Monday, September 30, 2013
Review of The Riot by Laura Wilson (Quercus, 2013)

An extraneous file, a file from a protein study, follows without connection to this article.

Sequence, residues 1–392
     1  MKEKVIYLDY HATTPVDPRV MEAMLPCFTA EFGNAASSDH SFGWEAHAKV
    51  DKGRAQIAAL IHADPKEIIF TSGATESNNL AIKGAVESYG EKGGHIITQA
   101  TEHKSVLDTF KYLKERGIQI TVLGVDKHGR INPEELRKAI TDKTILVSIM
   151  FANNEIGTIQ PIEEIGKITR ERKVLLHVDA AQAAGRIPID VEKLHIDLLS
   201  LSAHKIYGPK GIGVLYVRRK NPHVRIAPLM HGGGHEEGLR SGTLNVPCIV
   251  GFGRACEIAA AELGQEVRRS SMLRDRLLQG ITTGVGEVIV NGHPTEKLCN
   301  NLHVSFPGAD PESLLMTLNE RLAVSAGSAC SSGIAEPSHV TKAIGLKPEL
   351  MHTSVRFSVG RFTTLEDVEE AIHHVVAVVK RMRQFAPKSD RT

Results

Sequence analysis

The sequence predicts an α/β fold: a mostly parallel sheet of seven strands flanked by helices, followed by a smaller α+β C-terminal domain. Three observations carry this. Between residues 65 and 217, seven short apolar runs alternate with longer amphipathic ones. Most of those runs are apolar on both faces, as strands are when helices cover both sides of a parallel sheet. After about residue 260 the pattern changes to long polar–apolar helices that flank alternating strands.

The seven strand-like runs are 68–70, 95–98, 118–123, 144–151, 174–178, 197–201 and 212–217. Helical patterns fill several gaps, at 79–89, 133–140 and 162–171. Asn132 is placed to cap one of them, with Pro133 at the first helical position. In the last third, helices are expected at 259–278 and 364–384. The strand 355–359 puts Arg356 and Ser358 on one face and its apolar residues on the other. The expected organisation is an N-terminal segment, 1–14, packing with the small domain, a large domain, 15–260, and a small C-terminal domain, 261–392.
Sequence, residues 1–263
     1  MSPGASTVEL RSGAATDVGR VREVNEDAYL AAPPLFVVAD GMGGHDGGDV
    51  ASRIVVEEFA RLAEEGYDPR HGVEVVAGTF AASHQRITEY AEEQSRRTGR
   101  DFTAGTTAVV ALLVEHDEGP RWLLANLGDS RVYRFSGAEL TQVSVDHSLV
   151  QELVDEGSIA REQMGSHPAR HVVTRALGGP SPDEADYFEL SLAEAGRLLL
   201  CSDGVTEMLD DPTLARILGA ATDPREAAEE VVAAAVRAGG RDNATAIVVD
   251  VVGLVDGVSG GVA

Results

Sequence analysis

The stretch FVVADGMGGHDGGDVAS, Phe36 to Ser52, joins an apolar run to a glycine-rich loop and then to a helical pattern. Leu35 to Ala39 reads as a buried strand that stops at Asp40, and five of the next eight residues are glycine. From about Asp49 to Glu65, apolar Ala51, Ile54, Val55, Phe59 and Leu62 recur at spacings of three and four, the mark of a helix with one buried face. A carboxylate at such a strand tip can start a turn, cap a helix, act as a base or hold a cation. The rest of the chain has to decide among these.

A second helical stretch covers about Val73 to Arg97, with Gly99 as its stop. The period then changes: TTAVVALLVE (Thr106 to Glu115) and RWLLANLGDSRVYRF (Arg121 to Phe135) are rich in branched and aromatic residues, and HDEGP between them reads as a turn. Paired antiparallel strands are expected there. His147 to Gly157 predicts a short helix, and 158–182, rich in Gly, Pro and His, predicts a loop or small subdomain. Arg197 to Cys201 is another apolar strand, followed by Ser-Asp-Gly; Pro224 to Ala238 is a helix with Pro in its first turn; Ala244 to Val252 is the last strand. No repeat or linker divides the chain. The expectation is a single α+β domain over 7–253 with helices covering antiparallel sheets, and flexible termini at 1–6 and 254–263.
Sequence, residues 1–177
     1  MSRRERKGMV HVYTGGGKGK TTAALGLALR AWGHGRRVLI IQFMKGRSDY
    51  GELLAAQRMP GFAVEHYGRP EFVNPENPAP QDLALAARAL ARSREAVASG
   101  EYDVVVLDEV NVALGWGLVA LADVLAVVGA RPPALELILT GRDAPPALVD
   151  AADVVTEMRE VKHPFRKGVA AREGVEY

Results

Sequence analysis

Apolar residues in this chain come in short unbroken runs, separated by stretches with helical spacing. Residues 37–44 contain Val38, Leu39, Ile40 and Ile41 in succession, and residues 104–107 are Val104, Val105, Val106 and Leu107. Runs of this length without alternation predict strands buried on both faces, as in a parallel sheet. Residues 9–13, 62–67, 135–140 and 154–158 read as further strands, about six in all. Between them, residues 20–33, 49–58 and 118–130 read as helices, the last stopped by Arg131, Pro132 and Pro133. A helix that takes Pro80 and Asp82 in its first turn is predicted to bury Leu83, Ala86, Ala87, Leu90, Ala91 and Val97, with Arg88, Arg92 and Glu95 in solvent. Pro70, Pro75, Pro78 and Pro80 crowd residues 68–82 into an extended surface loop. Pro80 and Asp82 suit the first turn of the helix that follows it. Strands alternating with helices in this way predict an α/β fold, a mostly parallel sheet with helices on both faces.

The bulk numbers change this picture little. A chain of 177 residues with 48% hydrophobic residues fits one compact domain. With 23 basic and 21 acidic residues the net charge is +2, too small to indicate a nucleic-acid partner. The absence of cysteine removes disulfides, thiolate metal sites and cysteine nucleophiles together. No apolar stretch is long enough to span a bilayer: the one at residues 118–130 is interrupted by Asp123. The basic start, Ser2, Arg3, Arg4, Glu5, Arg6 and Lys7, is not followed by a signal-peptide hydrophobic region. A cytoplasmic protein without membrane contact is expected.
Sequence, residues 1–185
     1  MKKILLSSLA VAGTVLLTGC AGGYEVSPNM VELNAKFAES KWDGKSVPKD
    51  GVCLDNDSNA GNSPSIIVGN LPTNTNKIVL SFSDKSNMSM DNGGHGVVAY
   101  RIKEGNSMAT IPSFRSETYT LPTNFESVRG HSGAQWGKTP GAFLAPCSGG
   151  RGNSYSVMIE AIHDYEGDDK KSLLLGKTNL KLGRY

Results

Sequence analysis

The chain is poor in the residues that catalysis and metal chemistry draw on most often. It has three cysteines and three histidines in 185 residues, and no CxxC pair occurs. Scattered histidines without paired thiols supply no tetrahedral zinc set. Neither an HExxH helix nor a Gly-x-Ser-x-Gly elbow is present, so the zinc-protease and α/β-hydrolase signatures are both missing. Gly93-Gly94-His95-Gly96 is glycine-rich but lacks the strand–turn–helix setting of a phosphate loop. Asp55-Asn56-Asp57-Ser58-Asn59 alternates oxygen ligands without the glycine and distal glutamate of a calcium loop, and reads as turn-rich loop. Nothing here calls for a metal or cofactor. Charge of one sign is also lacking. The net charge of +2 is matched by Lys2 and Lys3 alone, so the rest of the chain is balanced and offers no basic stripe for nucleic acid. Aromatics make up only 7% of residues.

The strengths of The Riot are the characterisation, sense of place and time, and social contextualisation. DI Stratton is a strong and interesting lead and the book is full of a diverse set of well defined and vividly penned characters. There is a strong sense of London in the late 1950s as the social mix of some neighbourhoods start to change, and Wilson does a good job at conveying the social realities of working class life and the tensions around change. Indeed, the story works well to weave issues of race (both Black and Jewish) and gender through class and capital. And the plot is intriguing and quite complex. That all said, the story is let down a little by its pacing and balance. Prior to ‘the riot’ the storytelling is quite slow and there is a lot of unneeded detail. For example, on his initial visit to the house in which a murder occurred Stratton laboriously meets everyone in the building and others nearby, most of whom never reappear in the book and who tell him little of importance. After ‘the riot’ things speed up somewhat, but there’s sometimes not enough fleshing out or reveal as to what is going on, especially with respect to the Perlmann’s empire. Overall, an interesting and entertaining story that’s nicely contextualised.